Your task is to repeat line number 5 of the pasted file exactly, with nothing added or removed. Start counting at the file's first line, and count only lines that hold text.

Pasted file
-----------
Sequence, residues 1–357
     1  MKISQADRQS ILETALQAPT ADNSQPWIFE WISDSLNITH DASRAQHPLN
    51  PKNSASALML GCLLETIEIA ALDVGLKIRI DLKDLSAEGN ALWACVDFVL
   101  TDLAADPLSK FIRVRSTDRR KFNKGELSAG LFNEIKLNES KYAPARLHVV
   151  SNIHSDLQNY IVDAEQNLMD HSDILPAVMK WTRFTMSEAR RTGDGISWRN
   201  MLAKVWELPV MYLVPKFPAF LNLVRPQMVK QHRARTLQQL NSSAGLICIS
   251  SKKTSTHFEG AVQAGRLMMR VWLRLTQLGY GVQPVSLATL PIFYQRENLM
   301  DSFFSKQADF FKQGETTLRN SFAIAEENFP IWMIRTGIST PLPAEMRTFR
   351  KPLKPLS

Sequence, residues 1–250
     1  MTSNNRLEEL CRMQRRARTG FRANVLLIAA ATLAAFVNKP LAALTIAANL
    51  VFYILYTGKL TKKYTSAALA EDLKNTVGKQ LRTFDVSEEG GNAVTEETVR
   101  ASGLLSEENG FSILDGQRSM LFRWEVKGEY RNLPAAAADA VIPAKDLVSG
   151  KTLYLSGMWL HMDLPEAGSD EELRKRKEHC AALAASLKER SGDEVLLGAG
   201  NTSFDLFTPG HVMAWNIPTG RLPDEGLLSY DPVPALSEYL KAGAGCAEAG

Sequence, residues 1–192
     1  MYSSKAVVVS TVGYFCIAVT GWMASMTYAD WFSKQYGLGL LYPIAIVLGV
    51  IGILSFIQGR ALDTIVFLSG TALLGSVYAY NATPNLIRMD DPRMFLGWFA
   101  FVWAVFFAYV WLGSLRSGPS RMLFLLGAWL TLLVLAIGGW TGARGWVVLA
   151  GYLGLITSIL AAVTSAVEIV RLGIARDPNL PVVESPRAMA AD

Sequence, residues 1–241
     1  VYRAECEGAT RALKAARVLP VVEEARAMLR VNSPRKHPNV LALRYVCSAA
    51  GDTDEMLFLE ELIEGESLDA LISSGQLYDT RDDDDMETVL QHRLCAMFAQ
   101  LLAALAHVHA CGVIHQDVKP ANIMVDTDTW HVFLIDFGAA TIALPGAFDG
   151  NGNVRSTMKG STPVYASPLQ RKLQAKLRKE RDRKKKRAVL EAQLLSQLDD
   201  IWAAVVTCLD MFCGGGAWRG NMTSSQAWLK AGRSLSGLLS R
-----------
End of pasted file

   151  SNIHSDLQNY IVDAEQNLMD HSDILPAVMK WTRFTMSEAR RTGDGISWRN